As expected, the Nationals agreed to terms Friday on one-year deals with Anthony Rendon and Trea Turner in order to avoid salary arbitration.
However, the Nationals did not agree to terms with outfielder Michael A. Taylor or reliever Kyle Barraclough, which means they may take the rare step of moving to arbitration hearings with the pair.
Sammy Solis and Joe Ross, both arbitration eligible, previously agreed to contract terms.
The Nationals are typically loathe to enter arbitration hearings with players. Those proceedings can become contentious and hinder future negotiations, which is why the organization has avoided them since 2015 until possibly finding an impasse this season with Taylor and Barraclough.
Taylor remains in the mix as a fourth outfielder and ongoing offensive project. The Nationals hold his rights until after the 2020 season. Barraclough was acquired Oct. 10 from the Miami Marlins for international slot money. He’s expected to be one of the team’s late inning relievers. He is arbitration eligible in 2020 and 2021.
Here’s a procedural overview of what’s next for them:
If the club and player have not agreed on a salary by a deadline in mid-January, the club and player must exchange salary figures for the upcoming season. Unsurprisingly, the club files a lower number than the player does.
After the figures are exchanged, a hearing is scheduled in February. If no one-year or multi-year settlement can be reached by the hearing date, the case is brought before a panel of arbitrators. After hearing arguments from both sides, the panel selects either the salary figure of the player or the club (but not one in between) as the player's salary for the upcoming season.
Rendon is reportedly receiving a significant raise -- according to Bob Nightengale, he'll earn $18.8 million in 2019, up from $12.3 million last season -- following another excellent season. He finished 2018 with a .909 OPS and 4.2 WAR. Next for him is the big issue: Rendon is entering his final season before he can become a free agent.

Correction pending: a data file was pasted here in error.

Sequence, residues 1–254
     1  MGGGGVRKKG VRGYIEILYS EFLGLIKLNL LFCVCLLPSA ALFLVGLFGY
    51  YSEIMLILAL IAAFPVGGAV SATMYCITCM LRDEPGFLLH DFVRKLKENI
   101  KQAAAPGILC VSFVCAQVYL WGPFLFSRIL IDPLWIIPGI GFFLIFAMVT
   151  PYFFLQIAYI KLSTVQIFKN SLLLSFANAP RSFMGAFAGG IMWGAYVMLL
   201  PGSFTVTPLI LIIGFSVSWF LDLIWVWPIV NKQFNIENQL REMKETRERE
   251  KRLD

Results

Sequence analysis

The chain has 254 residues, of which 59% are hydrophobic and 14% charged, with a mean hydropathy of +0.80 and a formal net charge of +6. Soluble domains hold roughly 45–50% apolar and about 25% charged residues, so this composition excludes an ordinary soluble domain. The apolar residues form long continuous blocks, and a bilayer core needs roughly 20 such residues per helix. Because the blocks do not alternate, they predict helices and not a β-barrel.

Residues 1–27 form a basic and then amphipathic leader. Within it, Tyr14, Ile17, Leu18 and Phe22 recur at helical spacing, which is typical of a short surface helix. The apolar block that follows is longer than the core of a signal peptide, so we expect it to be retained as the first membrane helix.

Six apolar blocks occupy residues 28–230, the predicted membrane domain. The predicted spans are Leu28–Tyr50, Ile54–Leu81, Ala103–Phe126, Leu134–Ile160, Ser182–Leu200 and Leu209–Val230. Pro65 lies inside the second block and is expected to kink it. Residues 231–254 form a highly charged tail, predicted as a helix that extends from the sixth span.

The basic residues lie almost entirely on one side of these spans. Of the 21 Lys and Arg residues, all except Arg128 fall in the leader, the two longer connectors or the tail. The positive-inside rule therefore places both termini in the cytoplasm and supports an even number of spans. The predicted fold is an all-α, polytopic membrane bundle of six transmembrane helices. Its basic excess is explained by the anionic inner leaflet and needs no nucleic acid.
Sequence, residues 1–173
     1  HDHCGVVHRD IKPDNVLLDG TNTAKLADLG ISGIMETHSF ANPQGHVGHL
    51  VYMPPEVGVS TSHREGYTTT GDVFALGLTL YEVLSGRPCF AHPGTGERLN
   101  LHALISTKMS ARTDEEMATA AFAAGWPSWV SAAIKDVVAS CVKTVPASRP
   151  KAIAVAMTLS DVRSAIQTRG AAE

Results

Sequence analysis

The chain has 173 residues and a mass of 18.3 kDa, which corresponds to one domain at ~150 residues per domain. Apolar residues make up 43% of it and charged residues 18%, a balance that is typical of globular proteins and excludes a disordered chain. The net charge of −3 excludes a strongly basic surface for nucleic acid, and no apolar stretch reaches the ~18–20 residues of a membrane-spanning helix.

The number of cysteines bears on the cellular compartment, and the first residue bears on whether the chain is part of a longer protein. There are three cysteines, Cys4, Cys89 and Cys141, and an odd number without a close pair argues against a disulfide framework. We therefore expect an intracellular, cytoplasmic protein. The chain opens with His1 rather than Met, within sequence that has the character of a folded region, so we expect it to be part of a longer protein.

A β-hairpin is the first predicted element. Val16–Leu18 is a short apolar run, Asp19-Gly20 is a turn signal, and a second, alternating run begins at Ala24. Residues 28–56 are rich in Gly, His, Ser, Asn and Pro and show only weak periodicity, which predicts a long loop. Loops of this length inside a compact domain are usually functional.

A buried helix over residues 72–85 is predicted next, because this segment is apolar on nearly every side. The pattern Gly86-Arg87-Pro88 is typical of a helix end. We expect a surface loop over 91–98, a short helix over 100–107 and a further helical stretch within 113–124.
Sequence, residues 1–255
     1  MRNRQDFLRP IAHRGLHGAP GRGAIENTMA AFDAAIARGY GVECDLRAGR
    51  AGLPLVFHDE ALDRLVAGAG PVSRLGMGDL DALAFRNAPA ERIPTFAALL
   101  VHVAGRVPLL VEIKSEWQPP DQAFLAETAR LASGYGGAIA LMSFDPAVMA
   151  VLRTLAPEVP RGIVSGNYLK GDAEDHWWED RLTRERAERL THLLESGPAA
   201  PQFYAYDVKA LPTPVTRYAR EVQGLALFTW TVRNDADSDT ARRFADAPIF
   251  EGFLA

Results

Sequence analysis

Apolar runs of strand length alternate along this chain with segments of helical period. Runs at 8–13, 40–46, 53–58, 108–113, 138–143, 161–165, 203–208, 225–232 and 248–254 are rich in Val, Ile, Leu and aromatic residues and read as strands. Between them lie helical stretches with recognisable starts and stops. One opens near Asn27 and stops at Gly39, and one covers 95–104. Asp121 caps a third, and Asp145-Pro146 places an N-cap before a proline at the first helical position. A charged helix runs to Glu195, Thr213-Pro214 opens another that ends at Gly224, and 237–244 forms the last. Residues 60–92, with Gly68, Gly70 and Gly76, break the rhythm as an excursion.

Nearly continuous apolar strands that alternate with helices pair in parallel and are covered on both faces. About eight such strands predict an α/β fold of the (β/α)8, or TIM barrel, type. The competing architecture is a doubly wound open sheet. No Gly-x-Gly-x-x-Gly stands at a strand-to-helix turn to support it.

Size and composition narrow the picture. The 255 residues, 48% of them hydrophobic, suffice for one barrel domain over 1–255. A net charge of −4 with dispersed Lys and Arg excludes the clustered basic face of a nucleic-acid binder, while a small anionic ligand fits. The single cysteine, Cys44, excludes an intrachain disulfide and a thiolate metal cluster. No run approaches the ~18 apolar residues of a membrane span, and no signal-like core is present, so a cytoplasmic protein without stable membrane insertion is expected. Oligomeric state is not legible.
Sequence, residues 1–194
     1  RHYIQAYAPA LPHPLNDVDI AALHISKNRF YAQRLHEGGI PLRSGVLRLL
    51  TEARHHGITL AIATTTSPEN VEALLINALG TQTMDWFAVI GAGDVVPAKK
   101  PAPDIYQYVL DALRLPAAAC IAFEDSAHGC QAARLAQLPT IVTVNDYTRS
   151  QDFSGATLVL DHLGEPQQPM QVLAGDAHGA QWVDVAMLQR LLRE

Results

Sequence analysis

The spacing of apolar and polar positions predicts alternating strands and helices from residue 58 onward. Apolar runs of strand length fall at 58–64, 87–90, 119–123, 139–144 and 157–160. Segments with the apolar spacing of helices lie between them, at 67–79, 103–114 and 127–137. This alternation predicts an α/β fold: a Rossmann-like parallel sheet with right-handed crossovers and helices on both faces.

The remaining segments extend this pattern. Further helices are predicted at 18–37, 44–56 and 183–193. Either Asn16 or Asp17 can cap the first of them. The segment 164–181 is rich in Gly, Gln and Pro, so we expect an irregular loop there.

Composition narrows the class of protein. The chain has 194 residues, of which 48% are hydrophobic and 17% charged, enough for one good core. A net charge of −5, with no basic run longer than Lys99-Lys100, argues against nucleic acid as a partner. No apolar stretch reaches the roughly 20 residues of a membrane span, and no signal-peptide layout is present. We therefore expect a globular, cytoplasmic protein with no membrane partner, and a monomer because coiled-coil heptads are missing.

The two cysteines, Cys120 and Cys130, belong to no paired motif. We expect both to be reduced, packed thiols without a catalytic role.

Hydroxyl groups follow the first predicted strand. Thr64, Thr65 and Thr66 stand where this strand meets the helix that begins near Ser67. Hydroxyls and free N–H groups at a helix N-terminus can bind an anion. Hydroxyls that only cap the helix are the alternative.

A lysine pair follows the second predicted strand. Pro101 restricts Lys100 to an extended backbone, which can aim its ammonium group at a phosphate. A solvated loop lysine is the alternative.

He’s open to considering a contract extension. As is the team, which first approached him about an extension more than a year ago. The wrinkle is Rendon’s agent, Scott Boras. He prefers his clients reach free agency as opposed to sign extensions.
However, Stephen Strasburg opted for an extension in 2016 in a situation that reads similar to Rendon’s. When asked at the Winter Meetings, both Nationals president of baseball operations Mike Rizzo and Boras said they expect the sides to have further dialogue on a possible extension for Rendon.
The team holds three more years of control on Turner, who will continue to go through this year-to-year contractual process. He can’t become a free agent until his age-30 season. Like Rendon, Turner received a large raise. He’ll reportedly make $3.725 million next season, well above the $577,200 he made last season, which was slightly above league minimum.
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